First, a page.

Why aren't color vectors composed of int4 or better yet byte4?

Am I missing something?

Colors (at least RBG) are 0-255, each, in value, right? So why float4 or float3?

Pete Alvin,
Charlotte, NC, USA

In Fuse, each channel (RGBA) is actually 0 to 1, hence:

    <Grid RowCount="2" CellSpacing="4" Margin="4">
        <Panel Color="0,0.5,1,0.5" />
        <Panel Color="#08f8" />

I’m not that good with hex->float conversions, but these two appear to be really close, if not identical.

Though in most cases, we suggest sticking to HEX representation for colors.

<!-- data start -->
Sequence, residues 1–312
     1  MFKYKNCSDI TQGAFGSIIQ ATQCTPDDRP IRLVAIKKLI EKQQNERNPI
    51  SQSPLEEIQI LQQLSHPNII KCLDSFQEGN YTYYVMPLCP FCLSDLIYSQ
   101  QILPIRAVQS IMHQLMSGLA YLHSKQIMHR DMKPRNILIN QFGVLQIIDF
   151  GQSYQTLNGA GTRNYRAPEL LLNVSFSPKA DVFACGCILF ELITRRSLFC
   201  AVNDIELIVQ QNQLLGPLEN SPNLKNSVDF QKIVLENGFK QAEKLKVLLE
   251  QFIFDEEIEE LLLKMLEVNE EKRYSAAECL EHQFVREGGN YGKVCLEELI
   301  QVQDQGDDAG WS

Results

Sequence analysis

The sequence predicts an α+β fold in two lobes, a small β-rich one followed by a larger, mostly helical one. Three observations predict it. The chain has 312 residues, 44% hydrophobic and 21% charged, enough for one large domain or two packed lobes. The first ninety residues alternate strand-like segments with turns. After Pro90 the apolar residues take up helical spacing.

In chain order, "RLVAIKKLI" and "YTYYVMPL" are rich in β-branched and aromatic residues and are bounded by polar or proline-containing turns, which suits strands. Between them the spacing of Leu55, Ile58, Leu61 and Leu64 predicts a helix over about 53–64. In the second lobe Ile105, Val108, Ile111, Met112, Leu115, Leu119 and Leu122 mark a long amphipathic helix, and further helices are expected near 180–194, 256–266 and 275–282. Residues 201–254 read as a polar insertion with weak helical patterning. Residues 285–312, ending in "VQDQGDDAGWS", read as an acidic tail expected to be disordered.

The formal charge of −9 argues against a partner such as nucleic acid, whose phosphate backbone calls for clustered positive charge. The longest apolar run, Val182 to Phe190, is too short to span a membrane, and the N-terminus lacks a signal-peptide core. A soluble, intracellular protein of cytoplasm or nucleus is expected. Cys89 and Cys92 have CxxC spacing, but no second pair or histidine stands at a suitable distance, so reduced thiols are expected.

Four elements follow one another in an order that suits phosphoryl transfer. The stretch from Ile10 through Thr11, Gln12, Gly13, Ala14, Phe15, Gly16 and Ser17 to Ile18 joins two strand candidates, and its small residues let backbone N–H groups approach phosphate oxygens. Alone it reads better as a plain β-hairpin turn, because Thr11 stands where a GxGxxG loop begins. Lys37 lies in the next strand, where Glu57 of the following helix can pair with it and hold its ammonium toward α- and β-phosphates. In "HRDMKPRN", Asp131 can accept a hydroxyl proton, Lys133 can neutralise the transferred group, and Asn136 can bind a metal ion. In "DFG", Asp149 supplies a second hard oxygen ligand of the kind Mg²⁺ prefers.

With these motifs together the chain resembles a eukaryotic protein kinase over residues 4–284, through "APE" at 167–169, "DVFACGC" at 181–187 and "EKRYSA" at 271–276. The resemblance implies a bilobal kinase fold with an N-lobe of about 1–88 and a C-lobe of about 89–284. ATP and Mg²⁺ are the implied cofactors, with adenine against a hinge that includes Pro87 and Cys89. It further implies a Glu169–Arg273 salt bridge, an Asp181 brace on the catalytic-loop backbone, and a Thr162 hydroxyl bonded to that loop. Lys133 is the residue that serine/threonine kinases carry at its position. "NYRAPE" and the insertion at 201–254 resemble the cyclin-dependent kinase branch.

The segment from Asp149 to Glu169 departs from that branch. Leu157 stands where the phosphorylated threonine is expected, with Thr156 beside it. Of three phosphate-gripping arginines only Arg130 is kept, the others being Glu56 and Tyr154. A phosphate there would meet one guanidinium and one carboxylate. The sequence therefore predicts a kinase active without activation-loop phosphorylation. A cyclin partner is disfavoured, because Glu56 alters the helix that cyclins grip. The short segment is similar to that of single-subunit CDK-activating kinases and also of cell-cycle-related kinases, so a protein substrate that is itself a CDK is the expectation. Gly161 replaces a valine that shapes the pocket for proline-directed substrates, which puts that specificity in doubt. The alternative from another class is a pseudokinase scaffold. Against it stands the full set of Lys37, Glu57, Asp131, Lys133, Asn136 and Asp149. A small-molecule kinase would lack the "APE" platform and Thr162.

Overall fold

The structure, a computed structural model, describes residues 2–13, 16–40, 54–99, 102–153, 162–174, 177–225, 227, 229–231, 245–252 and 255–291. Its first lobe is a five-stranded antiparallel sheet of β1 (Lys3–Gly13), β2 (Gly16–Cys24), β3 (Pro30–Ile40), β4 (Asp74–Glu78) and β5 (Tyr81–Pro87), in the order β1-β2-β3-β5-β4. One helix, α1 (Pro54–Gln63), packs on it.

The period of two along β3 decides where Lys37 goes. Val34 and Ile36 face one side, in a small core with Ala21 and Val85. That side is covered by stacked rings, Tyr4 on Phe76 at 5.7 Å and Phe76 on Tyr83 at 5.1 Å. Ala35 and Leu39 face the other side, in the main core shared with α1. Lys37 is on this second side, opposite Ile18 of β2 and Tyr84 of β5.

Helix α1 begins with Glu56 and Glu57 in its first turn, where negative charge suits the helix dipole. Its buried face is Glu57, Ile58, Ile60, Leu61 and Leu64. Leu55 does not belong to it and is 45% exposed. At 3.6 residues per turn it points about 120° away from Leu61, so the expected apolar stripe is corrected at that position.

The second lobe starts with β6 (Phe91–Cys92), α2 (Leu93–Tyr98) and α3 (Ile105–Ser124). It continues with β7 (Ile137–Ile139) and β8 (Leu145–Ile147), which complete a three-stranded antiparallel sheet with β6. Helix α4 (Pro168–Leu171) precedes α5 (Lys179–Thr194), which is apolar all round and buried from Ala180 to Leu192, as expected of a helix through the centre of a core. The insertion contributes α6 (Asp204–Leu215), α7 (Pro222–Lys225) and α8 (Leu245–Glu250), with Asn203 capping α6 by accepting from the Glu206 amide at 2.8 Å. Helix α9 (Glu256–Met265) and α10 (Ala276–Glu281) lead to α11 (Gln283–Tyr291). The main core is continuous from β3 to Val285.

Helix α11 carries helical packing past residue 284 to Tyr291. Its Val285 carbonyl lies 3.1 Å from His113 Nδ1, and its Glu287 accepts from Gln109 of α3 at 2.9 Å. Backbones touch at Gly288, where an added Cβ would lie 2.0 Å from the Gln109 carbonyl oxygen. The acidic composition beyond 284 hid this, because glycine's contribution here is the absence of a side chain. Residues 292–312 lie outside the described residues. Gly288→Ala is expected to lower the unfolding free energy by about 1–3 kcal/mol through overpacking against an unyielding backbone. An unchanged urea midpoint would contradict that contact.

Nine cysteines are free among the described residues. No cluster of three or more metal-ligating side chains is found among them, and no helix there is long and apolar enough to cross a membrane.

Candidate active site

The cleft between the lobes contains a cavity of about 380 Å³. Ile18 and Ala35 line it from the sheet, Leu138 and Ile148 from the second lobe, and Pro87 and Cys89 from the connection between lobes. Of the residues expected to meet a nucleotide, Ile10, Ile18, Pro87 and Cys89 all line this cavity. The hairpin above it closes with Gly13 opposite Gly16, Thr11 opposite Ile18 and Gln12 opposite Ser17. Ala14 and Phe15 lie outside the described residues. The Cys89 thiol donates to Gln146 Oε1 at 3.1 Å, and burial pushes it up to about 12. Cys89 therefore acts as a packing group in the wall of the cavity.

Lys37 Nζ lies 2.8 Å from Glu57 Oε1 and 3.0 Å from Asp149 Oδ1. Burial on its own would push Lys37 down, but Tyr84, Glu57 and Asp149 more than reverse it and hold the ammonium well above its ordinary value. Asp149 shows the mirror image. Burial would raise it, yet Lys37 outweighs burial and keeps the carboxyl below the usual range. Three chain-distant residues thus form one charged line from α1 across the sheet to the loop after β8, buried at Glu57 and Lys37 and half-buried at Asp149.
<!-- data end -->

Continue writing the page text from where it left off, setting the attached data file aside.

Peter Alvin: Uno (the language underlaying Fuse) is actually a hybrid CPU/GPU langauge so using types like float4 ease interop with shaders (GPU code).

Using floats is more practical when doing color calculations, as they have more accuracy and can represent values outside the 0…1 range (which tends to happen in intermediate calculations, when animating colors with easings etc).

byteN types are obviously better for memory when storing large arrays of colors that don’t need high dynamic range, like images. However, for properties in UX interfaces floatN types are used consistently throughout Fuse as this doesn’t represent any significant amount of data.